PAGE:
June 26, 2019

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CHRAJ Director advocates for non-custodial sentences to decongest prisons

CHRAJ Director advocates for non-custodial sentences to decongest prisons

The Eastern Regional Director of the Commission for Human Rights and Administrative Justice (CHRAJ), Stephen Okpoti-Mensah, is advocating for non-custodial sentences to help to decongest the prisons.

He noted that conditions prevailing in prisons notably, congestion, low food rations and inadequate bedding are not the best and it was important for alternative punishments to be considered so that too many offenders were not sent to the prisons.

Mr Okpoti-Mensah was briefing the media after touring the Koforidua prisons in line with the CHRAJ’s mandate as a human rights institution.

He said CHRAJ in accordance with international practice and standards is mandated to visit prisons periodically to inspect the conditions to enable them to compile reports on human rights as well as make recommendations for corrections to improve the prisons.

He observed that the number of inmates in each cell at the prison was too many and creating congestion and called on the authorities to do something about it.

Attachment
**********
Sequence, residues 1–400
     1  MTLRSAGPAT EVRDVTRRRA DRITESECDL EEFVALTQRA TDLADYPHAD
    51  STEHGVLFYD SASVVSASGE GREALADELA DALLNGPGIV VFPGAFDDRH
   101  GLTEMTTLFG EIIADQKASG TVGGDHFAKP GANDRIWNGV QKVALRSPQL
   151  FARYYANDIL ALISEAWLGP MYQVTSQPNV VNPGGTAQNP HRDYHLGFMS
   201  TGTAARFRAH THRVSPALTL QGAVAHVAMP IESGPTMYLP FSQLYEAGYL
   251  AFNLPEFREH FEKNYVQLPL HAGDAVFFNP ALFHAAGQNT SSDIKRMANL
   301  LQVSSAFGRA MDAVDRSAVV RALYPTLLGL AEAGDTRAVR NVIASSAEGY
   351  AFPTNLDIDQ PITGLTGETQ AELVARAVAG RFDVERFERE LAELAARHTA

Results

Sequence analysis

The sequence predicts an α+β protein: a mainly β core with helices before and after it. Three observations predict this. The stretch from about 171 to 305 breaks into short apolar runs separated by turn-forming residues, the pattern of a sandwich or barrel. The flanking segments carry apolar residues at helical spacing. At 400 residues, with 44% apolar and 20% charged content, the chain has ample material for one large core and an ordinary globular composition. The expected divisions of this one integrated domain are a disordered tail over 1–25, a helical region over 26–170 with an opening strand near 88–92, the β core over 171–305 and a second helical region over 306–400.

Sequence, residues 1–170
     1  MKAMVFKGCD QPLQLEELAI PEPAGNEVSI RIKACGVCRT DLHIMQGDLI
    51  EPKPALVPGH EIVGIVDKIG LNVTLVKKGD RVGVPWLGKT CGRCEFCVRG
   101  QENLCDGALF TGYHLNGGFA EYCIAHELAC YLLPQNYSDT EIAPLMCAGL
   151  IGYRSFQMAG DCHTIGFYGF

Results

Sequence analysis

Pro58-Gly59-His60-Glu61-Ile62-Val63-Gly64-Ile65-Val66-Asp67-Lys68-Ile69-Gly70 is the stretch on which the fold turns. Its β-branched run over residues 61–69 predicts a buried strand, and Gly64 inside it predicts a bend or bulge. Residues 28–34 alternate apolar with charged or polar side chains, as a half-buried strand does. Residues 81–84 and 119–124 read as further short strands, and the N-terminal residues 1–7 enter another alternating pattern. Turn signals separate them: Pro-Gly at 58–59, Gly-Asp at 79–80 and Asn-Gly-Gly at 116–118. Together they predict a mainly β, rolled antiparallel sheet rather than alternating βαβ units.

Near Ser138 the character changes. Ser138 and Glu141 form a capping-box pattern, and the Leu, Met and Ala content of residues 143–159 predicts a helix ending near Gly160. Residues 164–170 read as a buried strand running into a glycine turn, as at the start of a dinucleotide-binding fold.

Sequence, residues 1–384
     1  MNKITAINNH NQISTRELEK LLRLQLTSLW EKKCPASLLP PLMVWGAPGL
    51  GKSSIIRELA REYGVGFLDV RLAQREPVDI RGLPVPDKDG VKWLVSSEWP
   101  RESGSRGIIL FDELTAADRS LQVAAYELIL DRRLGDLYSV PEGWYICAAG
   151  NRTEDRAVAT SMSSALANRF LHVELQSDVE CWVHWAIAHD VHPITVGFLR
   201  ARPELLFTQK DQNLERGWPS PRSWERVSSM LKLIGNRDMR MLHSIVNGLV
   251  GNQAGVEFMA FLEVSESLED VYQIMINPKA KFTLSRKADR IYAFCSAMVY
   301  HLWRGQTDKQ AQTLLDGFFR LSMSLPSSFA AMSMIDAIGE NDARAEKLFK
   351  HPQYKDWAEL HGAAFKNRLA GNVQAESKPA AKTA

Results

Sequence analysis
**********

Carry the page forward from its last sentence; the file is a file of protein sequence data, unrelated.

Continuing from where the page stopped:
Despite the congestion, the Koforidua prison has a well-refurbished workshop that offers the opportunity for convicts to be trained in tailoring and a classroom.

The Assistant Director of Prisons (ADP), Joseph Asabre, of the Koforidua prisons, said there were 657 inmates, including 58 foreigners for the 400 capacity prison creating serious congestion.

He appealed for support from corporate Ghana to expand the walls of the prison, a project that had started but stalled due to lack of funds to create more space for the inmates and a clinic, adding that, medical attention is given under canopies.

He also appealed for support to improve the records/reception area because the office is too small and officers use benches and plastic chairs to work.

ADP Asabre also appealed for the increment in the feeding fee of the inmates, which was currently pegged at GH¢ 1.80 per day, saying that, it was woefully inadequate.

Post source : GNA

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